Monday, May 19, 2014

The 34th Anniversary of the Mount St. Helens Eruption on May 19,1980

Some moments in time are so epic that they are so etched into ones memory that the event always seems recent, even as the moment fades ever further back in time.

The 9/11 terror attacks are an example of this. This coming Septemenber 11 how can it already be 13 years since that horrific day?

This morning I had the same reaction when I realized it was 34 years ago today, Sunday, May 19, 1980, when I was soaking my aching back in a hot tub when I heard three distinct concussive explosive noises.

Fifteen minutes later the neighbor we called Godzilla, because she was so big we could tell she was heading our way because we could feel the ground shake, informed us that Mount St. Helens had exploded.  That news began a day, and days to follow, of what amounted to Mother Nature mounting a terror attack, releasing more energy than the most powerful of nuclear bombs.

We who were in the path of possible eruption ash plumes were advised to get breathing masks, or whatever ever it is those white masks one uses to block the flow of dust are known as. We were also advised to put some sort of extra filter on our vehicle's air filters. I don't remember how that worked.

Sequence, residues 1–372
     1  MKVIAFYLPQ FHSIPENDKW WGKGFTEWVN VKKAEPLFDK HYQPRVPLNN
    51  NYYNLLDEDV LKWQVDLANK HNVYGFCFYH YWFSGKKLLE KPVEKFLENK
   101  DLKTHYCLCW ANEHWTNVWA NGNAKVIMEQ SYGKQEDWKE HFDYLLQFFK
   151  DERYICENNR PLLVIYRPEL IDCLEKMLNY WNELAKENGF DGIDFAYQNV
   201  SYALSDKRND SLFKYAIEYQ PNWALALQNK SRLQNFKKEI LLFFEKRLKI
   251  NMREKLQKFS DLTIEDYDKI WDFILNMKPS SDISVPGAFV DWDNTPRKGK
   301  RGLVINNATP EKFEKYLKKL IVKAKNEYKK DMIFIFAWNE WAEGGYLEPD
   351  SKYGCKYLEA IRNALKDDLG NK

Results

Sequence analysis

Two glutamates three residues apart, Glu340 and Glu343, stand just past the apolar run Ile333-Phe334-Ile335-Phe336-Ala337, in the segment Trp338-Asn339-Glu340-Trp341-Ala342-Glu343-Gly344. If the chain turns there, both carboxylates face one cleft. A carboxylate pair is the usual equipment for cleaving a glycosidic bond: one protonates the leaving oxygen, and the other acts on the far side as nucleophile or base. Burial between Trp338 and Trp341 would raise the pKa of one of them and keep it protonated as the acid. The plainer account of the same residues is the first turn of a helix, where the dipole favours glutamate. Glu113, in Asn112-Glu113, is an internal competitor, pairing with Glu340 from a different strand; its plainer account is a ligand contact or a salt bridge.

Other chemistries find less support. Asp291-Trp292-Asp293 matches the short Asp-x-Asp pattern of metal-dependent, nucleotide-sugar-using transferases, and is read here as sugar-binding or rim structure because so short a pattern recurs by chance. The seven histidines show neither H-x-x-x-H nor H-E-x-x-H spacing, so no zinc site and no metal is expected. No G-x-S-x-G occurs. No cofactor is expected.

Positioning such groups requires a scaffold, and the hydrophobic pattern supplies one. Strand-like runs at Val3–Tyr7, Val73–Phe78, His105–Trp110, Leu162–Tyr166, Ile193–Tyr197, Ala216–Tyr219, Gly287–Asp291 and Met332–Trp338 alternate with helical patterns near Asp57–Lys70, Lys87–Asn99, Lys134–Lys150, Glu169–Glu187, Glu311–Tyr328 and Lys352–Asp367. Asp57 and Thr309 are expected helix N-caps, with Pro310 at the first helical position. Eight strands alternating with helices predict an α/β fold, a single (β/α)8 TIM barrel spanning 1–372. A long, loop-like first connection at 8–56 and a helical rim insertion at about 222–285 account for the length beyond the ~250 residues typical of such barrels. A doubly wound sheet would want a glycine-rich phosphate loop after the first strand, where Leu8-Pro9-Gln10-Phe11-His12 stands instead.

I do remember there was only one occasion when the direction of the wind and an eruption sent volcanic dust north to my location in the Skagit Valley. I remember it resulted in a very light dusting, nothing like the multi-feet deep, snow drift-like dustings parts of Eastern Washington were hit with.

This happened almost three and a half  decades ago. Yet seems like yesterday in my memory.

If you are lucky enough to be touristing in Washington, do not miss driving the Spirit Highway to get an up close look at Mount St. Helens in her current state of mountain building, which has recently returned to active, with molten lava rising. The multiple Visitor's Centers one comes to as one drives the Spirit Highway are all worth a stop, each very well done, with the best  of the Visitor's Center being the Johnston Ridge Observatory at the end of the Spirit Highway, only five miles from the north face of Mount St. Helens.

The Johnston Ridge Observatory was built near where David Johnston died after uttering the famous words "Vancouver! Vancouver! This is it!"

We have blogged a couple times previous on the anniversary of the Mount St. Helens eruption, including a blogging titled Mt. St. Helens Harry Truman's Spirit Lives On in which you can watch the YouTube video you see below and listen to the song that became a #1 hit and a tribute to Harry Truman...